Are they heroes or rogues? I talked with Brian Hedlund, Director of Operations with Theros Restaurant Group, who made a few clarifications, but wasn’t able to say much yet. I was told clearly that “the employees who have left [the Town Talk Diner] said it was they who wanted to go in a different direction, not us.” He reaffirmed that “firing” wasn’t the right word — they quit. Hedlund wasn’t able to tell me who they had hired to be the replacement chef but confirmed what I heard about 112 Eatery and that he’ll start in a few weeks. When asked if anything is changing, he said, “This is a chef-driven business, and the menu will be whatever [the new chef] feels comfortable with. I expect it will change.” Otherwise, Hedlund reminded me of the Town Talk Diner’s history and that it will continue to be a great, award-winning restaurant. We talked about some of its recent successes, such as the high amount of business they’ve gotten through Groupon.

While the whole situation may seem like a disaster, there’s great potential for everyone involved. Most of those departing the Town Talk Diner have jobs lined up — some high profile — in places opening within the year, such as the Prairie Ale House, Pinstripes, and The Inn. Town Talk Diner is now in a position to reevaluate itself with a new chef and crew, some of whom they’ve already hired and slated to start in the next couple weeks. In some ways, it’s starting a restaurant from scratch but with an existing fan-base to start with — which may be perfect for them. I’ll be back in a couple months to see how it goes.

The going-away party for those fired is still happening tonight, even if it’s brief. “I just want to go and say goodbye,” Tong said. “I don’t understand why things ended this way. I’m going to have a last drink with the people I’ve worked with the last four and a half years.”

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Aaron Landry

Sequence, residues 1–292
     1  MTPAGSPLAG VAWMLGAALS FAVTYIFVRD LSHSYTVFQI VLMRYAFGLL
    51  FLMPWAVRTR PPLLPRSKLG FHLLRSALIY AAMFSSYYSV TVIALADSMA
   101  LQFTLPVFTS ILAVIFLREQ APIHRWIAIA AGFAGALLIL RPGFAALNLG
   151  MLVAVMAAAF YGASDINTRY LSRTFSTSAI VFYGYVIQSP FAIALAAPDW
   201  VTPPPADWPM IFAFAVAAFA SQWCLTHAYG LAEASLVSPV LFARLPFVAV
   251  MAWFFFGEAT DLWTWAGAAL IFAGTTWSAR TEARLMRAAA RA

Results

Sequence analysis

Aaron is Producer and Cofounder of the Heavy Table. He has a multidisciplinary background in online media, politics, and technology. On the side, Aaron is an amateur photographer, private pilot, and pianist. He loves pizza, cheeses, and almost anything that can be drunk. Born and raised outside of Stillwater, MN, he has called both Saint Paul and Minneapolis home. Aaron now lives in Honolulu, Hawai‘i while managing the backend operations of the Heavy Table. His personal site is aaronlandry.com

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12 Comments

  1. It’s funny, I was in there on Friday around 6-6:30pm and everything seemed flustered. I suppose that would explain it!

  2. I think I totally missed the heyday of Town Talk, because I have only ever had a mediocre experience there. I recall having an $11 burger that was not locally sourced or naturally raised, and tasted pretty much like a $7 burger in every way. It’s too bad, really, because the facade is just so dang great.

  3. I recall visiting the TTD back in it’s infancy based on the praise it received from a good friend and very loyal patron. The food was amazing, the service was great and I was really happy there was this Diner that was thriving among all the chain and generic restaurants out there.

    As ownership changes, menu and service changes, I can understand that. However, from my take, you are interested in a purchase because you like they way the business is run.. Why go and mess with a good thing? Not having been there in over a year, I can’t speak to the service and food today, but if you are losing your staff, and the great establishment you had a few years back is failing, examine what’s changed and put it back!

    Sad to see a great little place like the TTD suffer for any reasons, I really enjoyed my visits there, and would have been there more often if it wasn’t a matter of distance.

  4. Rusty Savage10/17/2010Reply

    Brian ruined the TTD. Nice work you meathead.

  5. Rusty, I couldn’t agree more…

  6. Ooh, hopefully I can still pay $8 for pancakes!

  7. i had the single worst dining experience i’ve ever had in this town at TTD a couple months ago. inept kitchen, inept service, inept management – just awful from start to finish. well, the cocktail was okay i guess. but otherwise the place can eff off.

  8. I’ve had some good food there several times in the past, but there is a limit to how much time and money I am willing to spend in a place that is that noisy.